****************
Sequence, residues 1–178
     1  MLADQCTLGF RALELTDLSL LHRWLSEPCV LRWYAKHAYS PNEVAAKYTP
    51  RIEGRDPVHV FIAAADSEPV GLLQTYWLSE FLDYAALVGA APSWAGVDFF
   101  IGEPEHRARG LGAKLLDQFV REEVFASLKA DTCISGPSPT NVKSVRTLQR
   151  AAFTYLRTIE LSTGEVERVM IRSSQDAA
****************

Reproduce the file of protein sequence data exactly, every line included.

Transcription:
Sequence, residues 1–178
     1  MLADQCTLGF RALELTDLSL LHRWLSEPCV LRWYAKHAYS PNEVAAKYTP
    51  RIEGRDPVHV FIAAADSEPV GLLQTYWLSE FLDYAALVGA APSWAGVDFF
   101  IGEPEHRARG LGAKLLDQFV REEVFASLKA DTCISGPSPT NVKSVRTLQR
   151  AAFTYLRTIE LSTGEVERVM IRSSQDAA